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Guilt might be the most notorious five-letter word in our culture.  Declarations of guilt are minimized — he’s not “guilty,” he’s just “struggling” or he “made a mistake.”  And feelings of guilt are suppressed and denied.  A New York Times article I found this week captures the cultural attitude towards guilt perfectly:

A friend of mine made a resolution once: No more guilty pleasures. I assumed at first that he meant he would no longer indulge in, you know, the usual cultural indulgences: those movies, books, TV shows, albums, et cetera, that are unabashedly enjoyable…but that also confer a patina of guilt to the self-conscious cultural consumer even as he’s enjoying them….

But I was wrong. My friend didn’t mean that at all. What he meant was simpler and, I have since realized, more radical and ultimately more inspiring. He’d still enjoy all those cultural indulgences, he said. He would just no longer classify them as indulgences. In other words, no more guilty pleasures for him meant: All of the pleasure. None of the guilt.

So even when there are feelings of guilt, we are now encouraged to suppress the feelings of guilt and then embrace and indulge ourselves even more in the guilt-giving activities.

However, the problem with this attempt to rid ourselves of these feelings of guilt is that we’re guilty.  All of us.  The feeling of guilt is a product of our consciences condemning us of our culpability in some action (Rom. 2:14-15):  we sinfully did something prohibited by God and His moral standards or we sinfully did not do something commanded by God.  In a word, we feel guilty because we are guilty.

So are we just condemned to live with feelings of guilt with no relief?  May it never be!  Rather, God in His grace has granted us genuine liberty from both our culpability for sin and for the feelings emanating from our guilt.  And that is the very thing Paul reminds his readers of in Romans 4:6-8.  In the preceding verses he reminded them of the provision of justification through faith (vv. 1-5).  And in these verses he quotes from David in Psalm 32 to demonstrate four of the blessings that come from justification.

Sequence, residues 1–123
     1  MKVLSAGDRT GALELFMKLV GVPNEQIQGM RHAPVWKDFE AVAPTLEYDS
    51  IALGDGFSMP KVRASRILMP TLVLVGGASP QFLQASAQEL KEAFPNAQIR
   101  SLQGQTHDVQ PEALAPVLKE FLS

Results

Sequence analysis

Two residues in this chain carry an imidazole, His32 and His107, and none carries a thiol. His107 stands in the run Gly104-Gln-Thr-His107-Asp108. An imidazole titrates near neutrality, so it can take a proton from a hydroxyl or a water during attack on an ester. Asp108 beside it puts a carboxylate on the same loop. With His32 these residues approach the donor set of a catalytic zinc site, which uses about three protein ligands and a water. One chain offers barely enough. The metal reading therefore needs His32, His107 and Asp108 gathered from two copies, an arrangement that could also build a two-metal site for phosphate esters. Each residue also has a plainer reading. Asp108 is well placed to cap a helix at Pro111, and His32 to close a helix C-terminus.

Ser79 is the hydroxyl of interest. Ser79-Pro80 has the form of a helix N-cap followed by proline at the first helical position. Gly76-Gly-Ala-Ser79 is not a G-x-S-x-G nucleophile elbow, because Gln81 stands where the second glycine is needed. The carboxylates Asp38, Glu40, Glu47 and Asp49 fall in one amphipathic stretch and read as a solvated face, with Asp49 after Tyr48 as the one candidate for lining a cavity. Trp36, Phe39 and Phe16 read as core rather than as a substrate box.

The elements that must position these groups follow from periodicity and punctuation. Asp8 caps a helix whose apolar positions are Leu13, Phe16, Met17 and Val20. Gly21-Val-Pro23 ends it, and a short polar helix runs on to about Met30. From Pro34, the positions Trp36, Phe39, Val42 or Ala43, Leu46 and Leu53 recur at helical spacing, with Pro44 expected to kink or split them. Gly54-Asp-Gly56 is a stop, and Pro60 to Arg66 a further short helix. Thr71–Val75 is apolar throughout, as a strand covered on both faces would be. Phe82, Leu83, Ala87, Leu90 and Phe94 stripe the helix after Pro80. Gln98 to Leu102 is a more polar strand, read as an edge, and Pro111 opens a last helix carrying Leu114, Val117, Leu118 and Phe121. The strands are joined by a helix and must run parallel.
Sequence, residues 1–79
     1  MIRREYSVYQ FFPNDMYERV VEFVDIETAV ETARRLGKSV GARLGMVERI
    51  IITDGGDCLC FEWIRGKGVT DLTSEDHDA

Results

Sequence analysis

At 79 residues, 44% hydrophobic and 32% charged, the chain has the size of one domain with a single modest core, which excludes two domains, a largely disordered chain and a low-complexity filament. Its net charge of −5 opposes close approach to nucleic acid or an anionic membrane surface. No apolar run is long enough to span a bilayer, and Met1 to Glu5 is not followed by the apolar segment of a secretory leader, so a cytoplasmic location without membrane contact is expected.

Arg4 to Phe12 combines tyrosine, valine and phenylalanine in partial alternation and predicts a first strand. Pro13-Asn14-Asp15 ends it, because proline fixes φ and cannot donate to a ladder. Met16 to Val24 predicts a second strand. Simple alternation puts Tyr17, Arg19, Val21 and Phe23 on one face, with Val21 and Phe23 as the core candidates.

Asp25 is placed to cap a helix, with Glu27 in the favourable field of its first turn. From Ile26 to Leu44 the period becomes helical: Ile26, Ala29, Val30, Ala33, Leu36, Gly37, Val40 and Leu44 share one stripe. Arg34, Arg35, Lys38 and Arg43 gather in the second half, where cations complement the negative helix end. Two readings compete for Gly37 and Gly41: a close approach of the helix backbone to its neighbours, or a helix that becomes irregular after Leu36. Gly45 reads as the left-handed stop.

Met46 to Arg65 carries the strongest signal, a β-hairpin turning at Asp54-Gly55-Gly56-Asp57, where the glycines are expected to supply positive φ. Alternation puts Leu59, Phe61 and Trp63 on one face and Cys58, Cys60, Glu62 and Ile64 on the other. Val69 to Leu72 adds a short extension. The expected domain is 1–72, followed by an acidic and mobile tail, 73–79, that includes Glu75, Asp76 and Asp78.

First, there is genuine, imputed righteousness (v. 6).  Through faith in Christ, God accounts (grants or imputes) the righteousness of Christ to the believer.  The identity of the believer is then Christ, as Paul makes clear later (6:4-7, 8-11, 20-22).  And if the identity of the believer is Christ’s perfect righteousness, then he cannot be guilty.

Secondly, Paul reminds the readers that there is forgiveness for rebellion (v. 7a).  That sinners commit lawless deeds denotes that they have lived in willful rebellion against God — they have hated Him, suppressed His truth, and sought sovereignty over Him.  And when those sinners repent in faith, God forgives that rebellion.  He forgives all the rebellion.  And forgiveness doesn’t just mean that He ignores its presence or forgets about it.  No, forgiveness means that God removes the sin from the sinner as far as the east from the west (Ps. 103:12) and He cleanses the sinner of all the stain and guilt of that sin (1 Jn. 1:7, 9).  The guilty sinner is guilty no more.

And Paul also notes that the sins have been covered (v. 7b).  The idea of covering is an allusion to the sacrifices of the day of atonement.  Paul and David do not mean by this that something has been thrown over the sins to hide them from view; they do mean that the blood of sacrifice (animals that anticipated Christ in the OT and Christ in the NT) has paid the penalty of the sin.  Again, the sins — all the sins — and guilt are forgiven.  God no longer holds the sin against the sinner.  The sinner is no longer guilty and God no longer treats him as guilty.

And finally, Paul says that the guilty deeds that the sinner has done are not imputed to him.  He really has done the deeds and he really has been guilty, but because Christ’s righteousness has been credited to him, his sinful deeds are no longer credited to him.  He was guilty, but he is no longer guilty.  The guilt is gone!

There is only one way to be absolved of the guilt of our sin — it’s not through more indulgence of sin or through moral self-efforts or through pretense of innocence.  The only way out of guilt is through Christ.  It is to openly acknowledge our guilt and then repent of it and in faith trust that Christ’s death on the cross is the only adequate payment for our sin that God will accept.  And by faith in Christ the guilt is surely removed.

The glory of this truth was highlighted by Martin Luther who was writing to encourage a young friend struggling with his guilt and failures:

“When the devil throws our sins up to us and declares that we deserve death and hell, we out to speak thus:  ‘I admit that I deserve death and hell. What of it? Does this mean that I shall be sentenced to eternal damnation? By no means. For I know One who suffered and made satisfaction in my behalf. His name is Jesus Christ, the Son of God. Where he is, there I shall be also.’”

This is every believer’s confidence:  surely we have been guilty and we daily still commit real sin that is guilt against us, but through our faith in Christ the genuine guilt has been removed and we are free.  Our new identity is in Christ and His perfect righteousness and no longer can the accuser rightly condemn us.  The guilt really is gone.